Like what you see? Join Insider on Nov. 30 for our best deal on an annual membership ever: $19.99 and we give you a $20 Amazon.com Gift Card (while supplies last).
WCPO Insider is a membership bringing you closer to the city you love. As an Insider you receive rewards, stories and access to new experiences across your community.
Art of Food. From left: Rookwood's table display; the Mad Hatter's Tea Party table; Hostess Cupcake "tiles." (Photos by L. Shokoohe)
If you didn't make it to the opening night kick-off on March 3, the art from Art of Food is on display at The Carnegie until March 15.
There's more to the story when you become an Insider. WCPO Insider's membership is an additional benefit on top of everything you can get for free on WCPO.com. We created an entire digital organization dedicated to bringing you exclusive access to in-depth stories that you can’t get anywhere else, handpicked events, and incredible savings on things you love to do. To find out more click here.
COVINGTON, Ky. -- The Art of Food's opening night celebration was loud, tasty and adventurous. Kicking off the benefit to support The Carnegie, the night included a live art installation, assembled by local artist Pam Kravetz.
Inspired after the wild, topsy-turvy Alice in Wonderland tea party, the entertainment--accompanied by local musician Jake Speed with an acoustic guitar--provided the perfect centerpiece. Models dressed as characters from the classic tale marched around and stood atop a white table in the center of the first floor. A colorful array of food drew attendees the first and second floors.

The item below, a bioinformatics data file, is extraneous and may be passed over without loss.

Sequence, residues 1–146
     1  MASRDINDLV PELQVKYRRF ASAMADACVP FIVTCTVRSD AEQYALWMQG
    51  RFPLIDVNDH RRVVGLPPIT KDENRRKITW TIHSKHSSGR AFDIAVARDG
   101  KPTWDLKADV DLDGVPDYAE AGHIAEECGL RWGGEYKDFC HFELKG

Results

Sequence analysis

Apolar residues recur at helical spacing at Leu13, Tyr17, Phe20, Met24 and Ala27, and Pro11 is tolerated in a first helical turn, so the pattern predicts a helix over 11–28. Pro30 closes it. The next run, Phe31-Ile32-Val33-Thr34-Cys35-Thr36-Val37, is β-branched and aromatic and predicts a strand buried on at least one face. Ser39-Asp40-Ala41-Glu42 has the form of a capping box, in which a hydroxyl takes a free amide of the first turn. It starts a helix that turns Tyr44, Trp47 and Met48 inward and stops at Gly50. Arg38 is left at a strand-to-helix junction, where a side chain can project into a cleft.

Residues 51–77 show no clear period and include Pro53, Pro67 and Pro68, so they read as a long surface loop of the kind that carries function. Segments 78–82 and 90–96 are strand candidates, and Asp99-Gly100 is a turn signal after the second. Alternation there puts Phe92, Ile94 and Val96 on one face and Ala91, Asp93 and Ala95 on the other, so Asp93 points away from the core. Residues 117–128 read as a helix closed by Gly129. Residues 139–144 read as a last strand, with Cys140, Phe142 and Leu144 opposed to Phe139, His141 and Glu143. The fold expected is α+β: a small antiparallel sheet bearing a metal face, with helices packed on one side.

"Five years ago, I wouldn't have done this menu," said Jackson Rouse of the Rookwood .
Rouse was referring to what he called "Head to Tail," a menu that utilized all portions of a pig and a cow. Rouse has been with the festival since it's inception, and also provided the music selections spun on the second floor, "mostly funk and soul 45s based on food."
The Rookwood's contribution featured head cheese, pig ear and a creamy butter flavored with fennel, coriander, and blood orange and dotted with radish halves. The pig that gave various essential components to the menu had his skull cheerfully displayed on the table.
The intersection of art and food was most evident in the details: The entire main table was outfitted with hand-crafted glass plates and mini-chocolate tea pots, handmade fired clay spoons and utensils, and charmingly mismatched chairs--some wrapped in yarn, others painted, all painstakingly created by talented local artists.
The Alice in Wonderland characters invited Art of Food attendees to sit down, ostensibly for tea, and enjoy the local offerings among the revelry. The guests themselves became the art as they sat down as sampled the edibles.
In addition to The Rookwood, standouts included Fireside Pizza's wood fired pizza with crème fraîche, bacon and onions; Alfio's Buon Cibo's incredibly rich braised veal short rib ravioli with a creamy truffle mushroom marsala sauce, and Fresh Table's Mad Meriwether Bacon Short Ribs. On the sweet side, Cupcake Crazy brought now-ubiquitous cake pops and Otto's contributed a rainbow frosted, fruit-filled layer cake.
Risk-taking paid off in dividends for this particular Art of Food.
As Rouse put it, "This is all about doing something you normally wouldn't do."